Kirvu Sanatorium in Karelia (now part of Russia) where Hauli was treated for severe rheumatism

Hauli decided to return to Finland for treatment and was interned in a sanatorium located in a part of Karelia that now belongs to Russia where he fully recovered. He returned to America in 1915, this time to the more pleasant climate of Hawaii. He adopted the name “Hauli” from Hawaiian natives, a nickname for white man. In his 1918 U.S. conscription card, Hauli gives his home address as 159 South King Street, Honolulu, located near the Honolulu harbor. He worked in Honolulu as a tailor for a Scottish national whose name I believe to have been Leo McInerney.

Grape vines surrounding Hauli Huvila

Hauli had pale blue eyes and light brown hair. He was of normal weight, and medium height. Hauli names his sister as his closest relative – Mrs. Mari Leppänen. She lived in Finland, first in Lahti and later in Savonlinna. Hauli traveled very frequently between the U.S. and Europe which was rather unusual for those times. Consider that at the time it took a week to cross the Atlantic by ship. Between 1923 and 1934 John Hauli would sail regularly from New York to Gothenburg, Sweden and then back. From 1934, he traveled about once a year either from Los Angeles, San Francisco or Vancouver to Honolulu and then back to the west coast.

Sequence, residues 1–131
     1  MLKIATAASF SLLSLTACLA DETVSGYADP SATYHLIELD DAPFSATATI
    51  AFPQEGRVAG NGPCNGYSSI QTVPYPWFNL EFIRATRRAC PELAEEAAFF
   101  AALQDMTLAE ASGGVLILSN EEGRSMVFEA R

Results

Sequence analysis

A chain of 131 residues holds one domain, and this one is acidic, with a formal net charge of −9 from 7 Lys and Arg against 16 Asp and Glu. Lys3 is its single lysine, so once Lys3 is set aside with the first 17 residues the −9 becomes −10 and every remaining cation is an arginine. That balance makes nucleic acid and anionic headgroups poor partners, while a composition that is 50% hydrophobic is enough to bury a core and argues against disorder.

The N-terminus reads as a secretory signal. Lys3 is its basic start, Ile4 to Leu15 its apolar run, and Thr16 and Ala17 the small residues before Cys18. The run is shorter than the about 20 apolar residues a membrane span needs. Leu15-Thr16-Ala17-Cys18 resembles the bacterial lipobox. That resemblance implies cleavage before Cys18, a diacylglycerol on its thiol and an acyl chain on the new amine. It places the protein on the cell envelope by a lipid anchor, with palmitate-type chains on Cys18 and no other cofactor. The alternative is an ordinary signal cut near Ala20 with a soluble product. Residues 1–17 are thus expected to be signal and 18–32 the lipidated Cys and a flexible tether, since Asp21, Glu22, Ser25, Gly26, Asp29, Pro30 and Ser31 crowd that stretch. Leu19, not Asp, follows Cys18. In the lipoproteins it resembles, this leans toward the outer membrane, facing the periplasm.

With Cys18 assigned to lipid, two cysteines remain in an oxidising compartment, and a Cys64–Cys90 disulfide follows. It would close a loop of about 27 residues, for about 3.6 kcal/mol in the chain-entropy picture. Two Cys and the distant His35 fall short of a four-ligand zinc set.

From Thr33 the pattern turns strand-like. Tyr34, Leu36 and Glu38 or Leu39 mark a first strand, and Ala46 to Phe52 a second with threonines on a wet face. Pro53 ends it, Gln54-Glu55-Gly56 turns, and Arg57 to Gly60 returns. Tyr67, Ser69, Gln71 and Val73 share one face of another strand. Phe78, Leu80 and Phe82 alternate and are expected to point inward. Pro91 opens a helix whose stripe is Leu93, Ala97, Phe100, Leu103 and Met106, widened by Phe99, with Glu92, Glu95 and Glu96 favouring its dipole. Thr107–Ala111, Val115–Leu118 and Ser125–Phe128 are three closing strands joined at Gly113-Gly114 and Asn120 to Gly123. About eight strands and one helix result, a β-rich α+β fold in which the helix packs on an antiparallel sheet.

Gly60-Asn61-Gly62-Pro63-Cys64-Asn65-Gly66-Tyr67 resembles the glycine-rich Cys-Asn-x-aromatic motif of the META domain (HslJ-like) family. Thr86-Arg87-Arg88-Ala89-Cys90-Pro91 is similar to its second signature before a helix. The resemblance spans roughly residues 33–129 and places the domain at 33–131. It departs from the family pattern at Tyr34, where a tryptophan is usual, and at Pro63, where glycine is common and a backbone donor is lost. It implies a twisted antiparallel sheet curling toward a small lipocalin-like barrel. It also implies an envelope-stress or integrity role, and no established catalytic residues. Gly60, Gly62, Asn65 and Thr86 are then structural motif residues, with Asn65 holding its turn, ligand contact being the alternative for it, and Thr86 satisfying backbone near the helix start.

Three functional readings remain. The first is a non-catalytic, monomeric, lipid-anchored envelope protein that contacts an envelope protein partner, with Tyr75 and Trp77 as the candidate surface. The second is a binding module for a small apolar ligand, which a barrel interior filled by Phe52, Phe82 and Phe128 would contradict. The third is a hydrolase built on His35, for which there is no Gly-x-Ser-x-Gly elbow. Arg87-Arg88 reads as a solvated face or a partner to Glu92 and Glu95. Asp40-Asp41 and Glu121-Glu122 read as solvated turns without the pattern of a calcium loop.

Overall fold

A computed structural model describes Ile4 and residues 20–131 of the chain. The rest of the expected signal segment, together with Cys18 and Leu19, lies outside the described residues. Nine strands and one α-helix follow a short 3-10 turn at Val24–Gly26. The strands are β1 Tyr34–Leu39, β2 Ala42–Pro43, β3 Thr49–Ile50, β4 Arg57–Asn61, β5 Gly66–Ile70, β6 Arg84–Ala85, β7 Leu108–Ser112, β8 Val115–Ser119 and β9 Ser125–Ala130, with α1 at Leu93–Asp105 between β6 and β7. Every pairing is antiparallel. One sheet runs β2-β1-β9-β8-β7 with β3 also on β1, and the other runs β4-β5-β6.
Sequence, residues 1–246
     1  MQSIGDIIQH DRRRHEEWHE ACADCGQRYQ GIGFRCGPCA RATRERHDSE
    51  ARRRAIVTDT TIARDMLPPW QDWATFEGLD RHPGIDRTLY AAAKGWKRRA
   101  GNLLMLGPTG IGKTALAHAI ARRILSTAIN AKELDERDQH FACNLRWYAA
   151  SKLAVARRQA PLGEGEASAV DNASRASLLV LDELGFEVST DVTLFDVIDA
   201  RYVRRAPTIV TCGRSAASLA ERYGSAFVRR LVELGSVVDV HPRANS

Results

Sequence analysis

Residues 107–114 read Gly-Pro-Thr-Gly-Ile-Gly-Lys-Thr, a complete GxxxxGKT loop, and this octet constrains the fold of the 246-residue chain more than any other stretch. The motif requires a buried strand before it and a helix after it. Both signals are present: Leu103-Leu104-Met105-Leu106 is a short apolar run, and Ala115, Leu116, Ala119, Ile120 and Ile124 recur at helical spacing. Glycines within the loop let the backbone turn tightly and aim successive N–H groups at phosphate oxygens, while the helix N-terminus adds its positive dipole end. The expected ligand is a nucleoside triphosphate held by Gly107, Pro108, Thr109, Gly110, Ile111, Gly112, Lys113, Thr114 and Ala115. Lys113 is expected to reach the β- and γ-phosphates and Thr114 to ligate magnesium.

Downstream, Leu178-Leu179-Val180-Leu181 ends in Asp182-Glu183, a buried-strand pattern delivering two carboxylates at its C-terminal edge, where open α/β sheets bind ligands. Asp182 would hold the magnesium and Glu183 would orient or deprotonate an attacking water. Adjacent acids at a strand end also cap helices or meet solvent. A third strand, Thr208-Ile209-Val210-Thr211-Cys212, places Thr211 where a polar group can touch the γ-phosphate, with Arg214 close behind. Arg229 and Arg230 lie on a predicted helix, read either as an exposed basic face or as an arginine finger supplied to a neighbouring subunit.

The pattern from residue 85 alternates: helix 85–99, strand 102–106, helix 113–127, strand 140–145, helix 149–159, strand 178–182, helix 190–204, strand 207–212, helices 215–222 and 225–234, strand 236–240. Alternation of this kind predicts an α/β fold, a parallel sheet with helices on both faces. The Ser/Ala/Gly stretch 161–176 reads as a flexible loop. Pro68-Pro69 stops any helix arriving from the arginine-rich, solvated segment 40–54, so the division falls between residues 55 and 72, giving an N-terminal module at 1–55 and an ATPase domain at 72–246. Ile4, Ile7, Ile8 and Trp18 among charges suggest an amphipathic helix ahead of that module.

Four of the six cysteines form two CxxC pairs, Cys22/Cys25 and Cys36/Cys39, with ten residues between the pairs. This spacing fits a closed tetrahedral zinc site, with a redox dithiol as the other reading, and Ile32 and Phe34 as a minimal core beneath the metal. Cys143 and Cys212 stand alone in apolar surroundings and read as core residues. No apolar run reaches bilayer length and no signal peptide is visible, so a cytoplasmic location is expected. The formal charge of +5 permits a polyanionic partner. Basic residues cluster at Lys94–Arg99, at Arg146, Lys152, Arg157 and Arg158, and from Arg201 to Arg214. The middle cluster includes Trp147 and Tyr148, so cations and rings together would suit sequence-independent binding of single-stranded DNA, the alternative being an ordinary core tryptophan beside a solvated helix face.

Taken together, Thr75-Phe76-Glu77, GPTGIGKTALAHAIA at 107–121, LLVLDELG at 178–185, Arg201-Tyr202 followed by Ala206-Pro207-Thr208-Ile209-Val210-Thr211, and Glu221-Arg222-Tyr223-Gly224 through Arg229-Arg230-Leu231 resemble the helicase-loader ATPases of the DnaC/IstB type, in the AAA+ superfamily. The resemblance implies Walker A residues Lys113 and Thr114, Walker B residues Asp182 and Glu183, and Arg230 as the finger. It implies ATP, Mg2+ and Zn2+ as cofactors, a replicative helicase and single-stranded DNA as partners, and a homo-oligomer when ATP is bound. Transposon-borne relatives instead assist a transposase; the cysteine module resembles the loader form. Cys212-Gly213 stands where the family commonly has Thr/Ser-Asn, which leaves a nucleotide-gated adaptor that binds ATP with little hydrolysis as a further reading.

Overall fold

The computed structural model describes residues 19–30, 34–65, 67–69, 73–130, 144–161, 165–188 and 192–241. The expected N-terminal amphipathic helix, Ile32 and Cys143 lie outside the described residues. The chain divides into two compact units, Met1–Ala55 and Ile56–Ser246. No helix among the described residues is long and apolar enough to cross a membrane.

During World War II, Hauli donated money to the Finnish war effort, and shipped as many wooden crates filled with raisins he could to the Finnish Army’s headquarters in Helsinki.

Cabins constructed by volunteers onthe grounds of Hauli Huvila

At some point in the 1930’s he moved back to California and worked on Wilshire Boulevard in Los Angeles for a Finnish tailor whose name was August Ahonen. According to the legend, Hauli went to ask him for a job, but was told that there was no work available. Hauli then promised him that, if he were hired, the shop would never have a shortage of work, but to no avail. He then sat outside the tailor shop, on the curb, until Ahonen finally agreed to hire him.